The Edmond Sun


March 15, 2014

Parent unhappy with lack of code information

EDMOND — One middle school mother wants to know why the dress code on the school district’s website has not been updated in 13 years.

When Cynthia Lukehart’s 12-year-old honor student daughter wore leggings to school and was sent to the office along with other students for inappropriate apparel, Lukehart said she was confused because her daughter had been wearing leggings from the beginning of the school year and to her knowledge had never been called to the office before this incident in February.

“Alyssa has never been in trouble and was on the Principal’s Honor Roll, so I couldn’t imagine what she had done that would get her placed in in-house suspension,” Lukehart said.

“When my daughter was sent to the counselor’s office the counselor felt she needed to get an OK from the principal, Dana Renner. My daughter asked the counselor if she could call me and to bring her a top, which she did.”

Lukehart brought her daughter an adult-sized Central Middle School sweat shirt, and when it still wasn’t long enough to be deemed appropriate apparel, the girl then pulled her cami down as far as she could under the sweatshirt and was allowed to go back to class.

The testing to see if the top was long enough to wear leggings under it was  called the “Fingertip Test” where the student holds her arms to her side and the top has to touch her fingertips. Lukehart said when she arrived at the school and saw the desperation on her daughter’s face she felt for her because as a mom she knew she couldn’t fix it.

“I didn’t believe how the situation was handled,” Lukehart said. “To my knowledge this was the first time my daughter had been sent to the office. When I got home I went to the (district’s) website and saw it had not been updated since 2001. The Fingertip Rule was not on the website as far as leggings or jeggings go.”

Lukehart said she believes the policy needs to updated on the district’s website referring specifically to leggings and jeggings so parents can help enforce the rules set by the school.

“Even though the Student Handbook had a dress code section it still did not refer to tops being worn with leggings or jeggings,” Lukehart said.

A Middle School Student Handbook given to parents has a section on dress code but it does not specify leggings or jeggings by name, nor does it state that female students must wear a top that follows the “fingertip test” rule.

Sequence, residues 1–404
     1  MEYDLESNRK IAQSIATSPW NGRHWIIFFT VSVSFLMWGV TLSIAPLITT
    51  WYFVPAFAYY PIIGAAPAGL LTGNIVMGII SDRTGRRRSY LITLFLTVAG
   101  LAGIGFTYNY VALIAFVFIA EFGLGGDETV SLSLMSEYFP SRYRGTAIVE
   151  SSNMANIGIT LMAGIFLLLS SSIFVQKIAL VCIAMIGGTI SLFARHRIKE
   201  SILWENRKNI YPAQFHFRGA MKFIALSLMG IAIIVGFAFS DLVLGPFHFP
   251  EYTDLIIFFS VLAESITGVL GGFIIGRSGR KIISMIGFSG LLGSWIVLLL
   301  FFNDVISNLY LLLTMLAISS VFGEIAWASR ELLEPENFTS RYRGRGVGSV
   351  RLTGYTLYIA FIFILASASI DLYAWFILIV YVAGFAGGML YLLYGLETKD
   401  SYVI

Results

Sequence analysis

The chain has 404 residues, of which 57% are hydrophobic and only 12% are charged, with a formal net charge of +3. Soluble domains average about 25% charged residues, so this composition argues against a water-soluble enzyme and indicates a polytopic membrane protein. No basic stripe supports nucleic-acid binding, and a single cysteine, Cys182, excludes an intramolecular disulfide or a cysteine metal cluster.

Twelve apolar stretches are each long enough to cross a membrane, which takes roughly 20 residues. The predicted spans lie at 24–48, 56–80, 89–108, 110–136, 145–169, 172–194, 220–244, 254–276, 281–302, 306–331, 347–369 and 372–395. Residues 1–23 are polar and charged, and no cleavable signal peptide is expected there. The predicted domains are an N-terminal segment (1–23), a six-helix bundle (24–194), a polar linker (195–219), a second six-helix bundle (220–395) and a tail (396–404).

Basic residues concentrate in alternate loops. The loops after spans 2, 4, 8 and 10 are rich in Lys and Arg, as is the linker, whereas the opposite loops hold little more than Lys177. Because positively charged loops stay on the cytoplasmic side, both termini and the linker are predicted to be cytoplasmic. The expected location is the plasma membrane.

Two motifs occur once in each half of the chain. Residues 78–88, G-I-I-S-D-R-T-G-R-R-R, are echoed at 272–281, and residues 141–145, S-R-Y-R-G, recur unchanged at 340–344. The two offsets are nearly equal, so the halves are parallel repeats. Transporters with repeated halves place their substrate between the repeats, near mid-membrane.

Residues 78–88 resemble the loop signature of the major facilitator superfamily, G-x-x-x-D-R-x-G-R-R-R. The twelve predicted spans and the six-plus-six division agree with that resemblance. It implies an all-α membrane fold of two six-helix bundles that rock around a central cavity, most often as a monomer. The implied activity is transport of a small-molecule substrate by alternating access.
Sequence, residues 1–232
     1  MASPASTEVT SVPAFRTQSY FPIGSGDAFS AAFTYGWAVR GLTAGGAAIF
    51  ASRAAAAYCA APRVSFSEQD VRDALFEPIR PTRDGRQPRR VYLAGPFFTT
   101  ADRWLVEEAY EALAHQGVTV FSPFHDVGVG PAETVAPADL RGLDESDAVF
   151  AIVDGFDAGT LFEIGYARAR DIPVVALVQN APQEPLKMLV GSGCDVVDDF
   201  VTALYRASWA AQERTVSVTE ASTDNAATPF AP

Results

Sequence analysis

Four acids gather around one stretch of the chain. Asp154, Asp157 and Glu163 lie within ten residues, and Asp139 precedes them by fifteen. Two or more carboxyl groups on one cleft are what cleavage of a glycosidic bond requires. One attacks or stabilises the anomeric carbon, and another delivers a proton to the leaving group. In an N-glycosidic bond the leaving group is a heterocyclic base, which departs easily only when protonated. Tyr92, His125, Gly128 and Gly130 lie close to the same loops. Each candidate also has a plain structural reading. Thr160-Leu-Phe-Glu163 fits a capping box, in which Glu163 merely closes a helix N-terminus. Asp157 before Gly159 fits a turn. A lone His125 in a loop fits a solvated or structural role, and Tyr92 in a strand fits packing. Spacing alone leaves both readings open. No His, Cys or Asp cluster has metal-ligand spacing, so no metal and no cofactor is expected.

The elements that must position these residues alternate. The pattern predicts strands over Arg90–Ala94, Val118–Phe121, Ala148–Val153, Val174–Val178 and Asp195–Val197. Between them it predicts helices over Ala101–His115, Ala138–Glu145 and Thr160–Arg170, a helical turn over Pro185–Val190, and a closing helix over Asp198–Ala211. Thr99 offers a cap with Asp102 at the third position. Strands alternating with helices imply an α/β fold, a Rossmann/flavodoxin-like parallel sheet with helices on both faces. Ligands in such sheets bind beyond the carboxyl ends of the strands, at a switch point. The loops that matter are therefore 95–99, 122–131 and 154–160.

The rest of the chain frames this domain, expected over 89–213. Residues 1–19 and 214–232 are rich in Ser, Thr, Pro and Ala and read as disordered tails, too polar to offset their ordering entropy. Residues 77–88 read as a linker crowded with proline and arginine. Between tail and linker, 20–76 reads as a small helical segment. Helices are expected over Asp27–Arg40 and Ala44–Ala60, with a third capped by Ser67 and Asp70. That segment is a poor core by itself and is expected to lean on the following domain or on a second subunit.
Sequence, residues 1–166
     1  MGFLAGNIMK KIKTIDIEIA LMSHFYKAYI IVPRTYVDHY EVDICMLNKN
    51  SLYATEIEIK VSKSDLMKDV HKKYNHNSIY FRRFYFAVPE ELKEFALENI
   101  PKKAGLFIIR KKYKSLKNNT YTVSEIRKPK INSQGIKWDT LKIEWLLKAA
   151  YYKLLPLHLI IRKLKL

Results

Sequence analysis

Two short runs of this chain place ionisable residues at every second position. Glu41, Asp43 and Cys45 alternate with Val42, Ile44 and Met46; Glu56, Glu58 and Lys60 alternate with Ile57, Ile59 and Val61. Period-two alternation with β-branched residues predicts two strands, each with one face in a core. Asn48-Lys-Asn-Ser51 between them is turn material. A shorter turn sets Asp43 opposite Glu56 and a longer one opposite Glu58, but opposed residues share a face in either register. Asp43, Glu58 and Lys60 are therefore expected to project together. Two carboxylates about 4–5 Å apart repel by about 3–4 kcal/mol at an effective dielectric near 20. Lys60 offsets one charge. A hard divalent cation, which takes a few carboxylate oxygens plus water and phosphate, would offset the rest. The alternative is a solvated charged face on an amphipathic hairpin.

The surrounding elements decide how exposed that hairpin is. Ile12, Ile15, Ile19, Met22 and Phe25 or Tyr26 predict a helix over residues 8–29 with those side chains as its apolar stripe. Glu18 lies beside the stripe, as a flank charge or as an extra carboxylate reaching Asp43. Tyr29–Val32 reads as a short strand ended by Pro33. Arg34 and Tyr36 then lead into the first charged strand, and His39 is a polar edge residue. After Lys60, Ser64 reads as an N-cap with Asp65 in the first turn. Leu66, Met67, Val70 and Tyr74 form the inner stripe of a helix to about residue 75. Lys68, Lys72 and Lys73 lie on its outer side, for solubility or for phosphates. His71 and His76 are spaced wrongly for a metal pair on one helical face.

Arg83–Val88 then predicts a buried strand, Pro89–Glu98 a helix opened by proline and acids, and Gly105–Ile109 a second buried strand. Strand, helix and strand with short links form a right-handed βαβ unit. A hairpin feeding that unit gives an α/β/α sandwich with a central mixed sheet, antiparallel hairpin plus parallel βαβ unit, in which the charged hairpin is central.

The finger-tip test in the handbook applies to skirts and shorts and states the hemline of any skirt or shorts worn must fall below the finger-tips of a student’s fully extended arms when placed at his/her side.

“This policy was written several years ago and fashions have changed so perhaps the board needs to look at updating the policy (on the website),” said Board of Education President Jamie Underwood.

Edmond spokesperson Susan Parks-Schlepp said Central Middle School administrators and teachers have communicated the dress code through announcements and grade level discussions with students and information about the dress code was featured in Central’s September/October newsletter, which was posted on the school’s website. In addition she said parents were notified by phone to check the website because new information had been posted.  

“The code encourages students to avoid any type of dress or grooming that might encroach upon the boundaries of the dress code as the final decision about the school appropriateness of any items worn is at the discretion of the building principal,” Parks-Schlepp said.  

This dress code helps educators keep the focus on learning and is meant to define general guidelines that would allow for changing fashion trends while at the same time supporting wise adolescent choices, Parks-Schlepp added.

Although the dress code does not specifically list jeggings, leggings or skinny jeans, Park-Schlepp said, it does identify numerous other clothing items and clearly states that “inappropriate attire includes but is not limited to” the listed items.   

Items listed in the dress code include headgear, halter tops, frayed, shredded, ripped or torn garments, apparel that is too tight or too loose, apparel that reveals offensive language, apparel that identifies a student as security or police, bike or animal chains or collars, shoes must be worn, unnaturally colored hair and piercings other than ears.

“Central administrators make every effort to properly communicate the dress code and most students are well aware of the rules and make the right choice to wear clothing that falls within the guidelines of the dress code,” Parks-Schlepp said.

Parks-Schlepp said Central administrators have documented numerous cases of dress code violations at the school since September, but the dress code, while important, is not the primary focus of administrators and teachers.

“All students that were sent to the office for dress code violation (in late February) were specifically told to ask their parents to bring pants or jeans as a replacement,” she said.

“Instead, this student chose to ask her mother to bring her another shirt. The replacement shirt that was brought up to the school for her to wear was not long enough, however, the student also had a cami on and administrators allowed her to stretch the cami down over her leggings and return to class.”

The code states the dress code is based on the premise of recognizing fashion without sacrificing decency, safety and appropriateness.

“The goal is always to get students back into the classroom as quickly as possible so that they can have a quality day of instruction,” Parks-Schlepp said.

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